The Cooler Something is, The Less Time You Have to Get Out Your Camera

Think about that night. Was it really that fun? Did you remember it though your own eyes, or through a Snapchat filter?

Next time you go out, be truly spontaneous. Our generation is obsessed with doin’ it for the ‘gram, so maybe try and do cool things without feeling the need to replicate it as soon as it happens in order to catch it on camera (“Wait wait wait, do that again! My Snapchat was still loading!”). It’s time to realise that the cooler something is, the less time you have to get out your camera.




Dear Catfishers,



It’s important for you to know how it feels to be the victim of a fake account being made of you. First you’ll probably feel a bit boosted (Little old me? Why on earth would someone create an account pretending to be me? #FeelinMyself), but then the confusion sinks in (Why me though, for real?) and then you start to feel a bit, well…violated. You scroll though their photos with the lurid captions hovering beneath your innocent, unknowing face and shudder at the comments people have posted underneath (no example necessary). This isn’t you but these people don’t know that. If they were to see you on the street, they’d believe that you actually are that girl with the crude captions and the inviting questions. No one wants that.

You’re not that person, though. The mere notion that people would think that of you is enough to convince you to delete your account – or at least put it on private. It’s a shame that we live in a generation where people feel too insecure to be themselves, even with the shield of your phone screen. But the internet is a judgemental place and it’s easy to be swept up into the world of Instagram likes and followers and what is pretty this week and what look is trending next week. By simply using someone else’s photos, you can be whoever you want to be – scratch that, all you ever wanted to be. But is that really you? No. Are those likes for you? No. Do those commenters fantasize over you? No. They’re trying to get the Snapchat/Kik/Phone number of that poor girl whose face you stole and wore as your own mask. It’s all empty validation.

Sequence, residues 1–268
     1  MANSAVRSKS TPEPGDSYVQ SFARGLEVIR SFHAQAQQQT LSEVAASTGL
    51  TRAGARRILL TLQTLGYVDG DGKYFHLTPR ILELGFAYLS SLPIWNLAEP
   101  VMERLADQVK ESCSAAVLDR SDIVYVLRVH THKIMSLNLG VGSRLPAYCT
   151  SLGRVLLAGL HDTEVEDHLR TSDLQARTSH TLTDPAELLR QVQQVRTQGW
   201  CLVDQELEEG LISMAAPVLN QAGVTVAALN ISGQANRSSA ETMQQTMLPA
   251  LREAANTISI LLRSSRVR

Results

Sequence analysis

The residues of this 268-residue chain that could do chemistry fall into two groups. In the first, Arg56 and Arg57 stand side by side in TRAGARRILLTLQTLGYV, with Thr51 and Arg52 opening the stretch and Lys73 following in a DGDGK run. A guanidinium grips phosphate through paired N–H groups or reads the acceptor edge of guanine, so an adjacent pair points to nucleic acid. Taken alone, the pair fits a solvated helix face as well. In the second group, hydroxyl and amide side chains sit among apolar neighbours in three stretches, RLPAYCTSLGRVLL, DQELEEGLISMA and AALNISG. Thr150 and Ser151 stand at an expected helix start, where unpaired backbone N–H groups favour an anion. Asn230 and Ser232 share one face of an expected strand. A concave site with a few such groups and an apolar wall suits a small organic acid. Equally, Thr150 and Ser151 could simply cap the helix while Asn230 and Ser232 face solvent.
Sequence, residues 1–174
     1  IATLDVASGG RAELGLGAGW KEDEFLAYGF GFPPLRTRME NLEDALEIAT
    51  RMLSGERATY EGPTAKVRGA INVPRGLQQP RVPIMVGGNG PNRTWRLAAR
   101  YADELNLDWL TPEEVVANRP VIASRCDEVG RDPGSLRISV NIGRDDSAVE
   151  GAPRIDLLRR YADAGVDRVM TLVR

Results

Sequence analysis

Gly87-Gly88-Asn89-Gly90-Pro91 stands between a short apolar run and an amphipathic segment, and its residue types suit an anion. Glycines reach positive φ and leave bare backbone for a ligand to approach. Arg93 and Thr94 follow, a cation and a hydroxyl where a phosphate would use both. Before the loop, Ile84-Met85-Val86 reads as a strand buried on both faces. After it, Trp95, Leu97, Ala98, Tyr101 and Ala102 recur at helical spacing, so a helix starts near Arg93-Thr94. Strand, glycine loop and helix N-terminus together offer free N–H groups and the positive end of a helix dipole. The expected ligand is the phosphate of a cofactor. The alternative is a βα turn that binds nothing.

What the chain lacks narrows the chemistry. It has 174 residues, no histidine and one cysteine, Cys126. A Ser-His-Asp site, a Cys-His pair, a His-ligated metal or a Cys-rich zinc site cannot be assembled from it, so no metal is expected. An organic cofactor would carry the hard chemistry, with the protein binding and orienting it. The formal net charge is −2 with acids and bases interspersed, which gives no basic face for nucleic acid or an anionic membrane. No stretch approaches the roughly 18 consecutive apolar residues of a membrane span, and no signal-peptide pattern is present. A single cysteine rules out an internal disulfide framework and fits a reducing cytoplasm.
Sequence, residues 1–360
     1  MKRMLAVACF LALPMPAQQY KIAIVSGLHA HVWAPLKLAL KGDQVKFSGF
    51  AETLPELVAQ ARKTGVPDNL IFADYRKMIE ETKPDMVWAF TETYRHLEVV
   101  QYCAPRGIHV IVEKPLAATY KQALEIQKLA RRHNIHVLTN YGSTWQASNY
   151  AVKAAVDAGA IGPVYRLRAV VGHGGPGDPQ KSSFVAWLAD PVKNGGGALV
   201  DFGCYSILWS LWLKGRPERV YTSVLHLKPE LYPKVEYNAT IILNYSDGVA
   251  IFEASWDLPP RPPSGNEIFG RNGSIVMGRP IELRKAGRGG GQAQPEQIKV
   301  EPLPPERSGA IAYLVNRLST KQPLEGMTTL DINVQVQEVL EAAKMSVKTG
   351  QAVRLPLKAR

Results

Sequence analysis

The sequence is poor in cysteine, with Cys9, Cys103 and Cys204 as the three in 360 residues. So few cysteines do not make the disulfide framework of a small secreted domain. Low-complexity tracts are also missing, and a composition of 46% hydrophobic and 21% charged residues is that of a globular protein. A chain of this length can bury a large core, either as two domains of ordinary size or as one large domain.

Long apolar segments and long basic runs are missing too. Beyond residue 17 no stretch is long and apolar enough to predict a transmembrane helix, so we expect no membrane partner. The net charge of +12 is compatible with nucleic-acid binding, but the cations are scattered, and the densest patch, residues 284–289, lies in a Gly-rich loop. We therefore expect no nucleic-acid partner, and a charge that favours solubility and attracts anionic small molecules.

We need to encourage people to embrace their true selves on social media. Stop feeling the need to live up to those edited, filtered versions of beauty you see filling up your timeline. Be yourself and you’ll realise that the 7 likes that the photo of yourself got, will be worth way more than the 245 likes that the screenshot of that hot girl from Twitter got. Try it.



Love from,

Catfishees Everywhere


It’s Time.

Forget juice cleanses, this is the new detox to hit us at full speed – and we need it desperately. Whilst it’s important to look after our bodies, we need to ensure that our minds too, stay free of general nastiness.

False Advertising at it’s Finest

According to DoSomething.org, 70% of girls believe they don’t “measure up” or aren’t “good enough” in some way – this includes physical appearance, school performance and relationships. What’s the source of these standards that girls feel the need to compare themselves to? You guessed it: social media.

What Are We Going To Do About it

So, take a break; turn off your phone, deactivate your Facebook/Twitter/Tumblr (temporarily, of course – you will eventually need contact with the outside world in order to find out exactly what Kylie wore to that red carpet event) and enjoy the world in front of you. Appreciate the un-edited wrinkles in the face of your best friend, laugh at jokes that are said in over 140 characters and see the world through rose-coloured lenses, not a rose-coloured filter.

Start Small

It can be that simple. Try it – and if a full detox scares you, start small. Go for an hour and build your way up. Think it’s not possible? Remind yourself of this: you managed up until around 7 years ago without social media, so you can probably handle 7 days (or minutes, no judgement) without it now. Go for it.





What did you think? Is a #DigitalDetox the way forward? Like, comment and subscribe to keep up to date with the blog!